I’ve been doing my quilting for the last seven years in my one-bedroom apartment. Along one wall of the bedroom are a bookshelf for supplies, my excellent Brother machine in a custom extended SewEZ table and a sturdy steel table for cutting and pressing.

The problem has been the ironing pad on the table, which slips around and has curled-up edges., very annoying.

So I was thrilled to learn about a new product from Lucy Brennan at Charm about You. It is the QuiltMate silicone-backed ironing pad, which sticks firmly to the table surface. It comes in three sizes, a small one for pressing blocks or touch-ups, the medium, which I ordered, and the large, not yet available.

I ordered the medium three days ago from and it arrived this morning. As you can see, it is smaller, but still works very well for pressing WOF strips and my flimsy in progress.

I may order the large mat when it becomes available. Meanwhile, I can recommend it for anyone who needs a stable pressing surface. Thank you, Lucy.

I am one very happy quilter today and hope you all have had a good Quilting week.

I’m linking up with Angela at Cynthia at

Shades of Turquoise

I’ve been thinking about making a wallhanging for a Challenge involving texture. Furthermore, my personal goal is to see how much texture I can produce using only regular quilting cottons.

I’ve had a bundle of fat quarters sitting around for at least five years. There are at least twenty of them in shades of aqua/turquoise. Before they start to disintegrate, this will put them to good use.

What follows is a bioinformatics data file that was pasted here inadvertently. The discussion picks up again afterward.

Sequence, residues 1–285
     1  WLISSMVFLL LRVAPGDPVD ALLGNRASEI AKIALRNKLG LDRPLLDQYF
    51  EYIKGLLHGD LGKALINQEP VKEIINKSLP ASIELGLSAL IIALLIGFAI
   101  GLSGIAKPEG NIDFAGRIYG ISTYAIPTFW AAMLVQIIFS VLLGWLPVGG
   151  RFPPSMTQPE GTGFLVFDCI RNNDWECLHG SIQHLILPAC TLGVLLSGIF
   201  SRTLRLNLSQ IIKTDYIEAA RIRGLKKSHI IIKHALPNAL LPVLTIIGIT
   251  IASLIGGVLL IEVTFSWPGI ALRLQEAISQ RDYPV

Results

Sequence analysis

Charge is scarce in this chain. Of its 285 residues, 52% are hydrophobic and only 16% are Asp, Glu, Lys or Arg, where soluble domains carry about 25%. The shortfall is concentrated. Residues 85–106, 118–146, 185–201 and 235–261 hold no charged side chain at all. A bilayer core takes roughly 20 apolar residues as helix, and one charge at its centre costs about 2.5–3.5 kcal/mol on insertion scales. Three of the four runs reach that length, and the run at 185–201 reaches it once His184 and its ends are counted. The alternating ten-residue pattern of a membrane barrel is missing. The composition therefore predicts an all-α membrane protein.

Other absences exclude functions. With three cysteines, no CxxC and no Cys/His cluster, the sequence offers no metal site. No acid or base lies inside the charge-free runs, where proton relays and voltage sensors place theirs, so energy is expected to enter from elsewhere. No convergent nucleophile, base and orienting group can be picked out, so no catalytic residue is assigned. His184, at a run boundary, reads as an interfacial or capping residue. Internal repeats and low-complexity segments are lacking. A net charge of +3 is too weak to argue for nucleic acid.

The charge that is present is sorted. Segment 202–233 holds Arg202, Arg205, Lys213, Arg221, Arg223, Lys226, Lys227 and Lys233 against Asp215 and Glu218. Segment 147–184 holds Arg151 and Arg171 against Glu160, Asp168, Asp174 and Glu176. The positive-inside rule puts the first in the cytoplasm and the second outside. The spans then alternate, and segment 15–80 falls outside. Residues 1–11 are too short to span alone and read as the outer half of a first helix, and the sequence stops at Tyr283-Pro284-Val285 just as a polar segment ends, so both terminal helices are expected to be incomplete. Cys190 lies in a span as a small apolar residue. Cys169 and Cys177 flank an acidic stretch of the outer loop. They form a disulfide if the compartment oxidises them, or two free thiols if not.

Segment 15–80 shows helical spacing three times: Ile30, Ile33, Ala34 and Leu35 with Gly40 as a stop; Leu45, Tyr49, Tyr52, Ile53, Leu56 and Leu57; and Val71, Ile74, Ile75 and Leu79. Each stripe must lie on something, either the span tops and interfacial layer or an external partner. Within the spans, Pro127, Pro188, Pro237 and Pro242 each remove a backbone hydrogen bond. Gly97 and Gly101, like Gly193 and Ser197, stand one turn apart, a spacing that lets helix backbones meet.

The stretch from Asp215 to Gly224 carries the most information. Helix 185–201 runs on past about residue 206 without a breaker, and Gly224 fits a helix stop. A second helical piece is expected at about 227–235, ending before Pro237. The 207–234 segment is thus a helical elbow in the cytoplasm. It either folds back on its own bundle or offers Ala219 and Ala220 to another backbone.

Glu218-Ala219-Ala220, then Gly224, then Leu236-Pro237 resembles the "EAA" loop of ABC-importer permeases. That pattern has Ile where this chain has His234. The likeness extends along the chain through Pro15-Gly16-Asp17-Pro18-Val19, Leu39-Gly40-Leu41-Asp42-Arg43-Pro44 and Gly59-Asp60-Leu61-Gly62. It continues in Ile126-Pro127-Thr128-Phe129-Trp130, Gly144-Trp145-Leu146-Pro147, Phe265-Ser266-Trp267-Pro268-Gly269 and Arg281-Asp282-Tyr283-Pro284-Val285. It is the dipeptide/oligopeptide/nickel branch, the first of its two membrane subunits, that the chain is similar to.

I worked with them for hours, attempting to narrow them down to a graded group of less than ten. I used the grey scale choice on my photo editing in order to work it out. After a lot of changes, this is the result.

It’s definitely not perfect, with the jump from lights to darks, however this was a good exercise in grey scale awareness and the importance of contrast.

So these are my final seven choices, looking a lot better in color, even though I had to mix green and blue tones to do it. There is plenty of time to revise my choices.

Of course this is a long way from a textured piece. More about that as I progress.

I’m linking up with Angela at Cynthia at


With winter approaching and holidays coming up, I’m feeling a little stressed about deadlines. Dealing with my UFOs was my priority, so I went through a pile of 8-inch blocks that I’ve been collecting. This is my favorite size for piecing because I don’t like to work too small.

Several of the blocks are from a Rainbow Scrap Challenge several years ago.. I like them and plan to make a wallhanging with these four.

I began adding framing for the blocks, using white jellyroll strips.

However, for some unknown reason the 1/4-inch foot suddenly went off course, jamming the needle so that it broke. With this post needing to be written, for my own sanity I wisely decided to call it a night.

Here is how far I got on adding the block borders.

What would you have done? I’m in no mood to attempt replacing the needle (I have a plentiful supply on hand). I would much rather cry on your sympathetic shoulders, dear friends.

I’m linking up with Angela at Cynthia at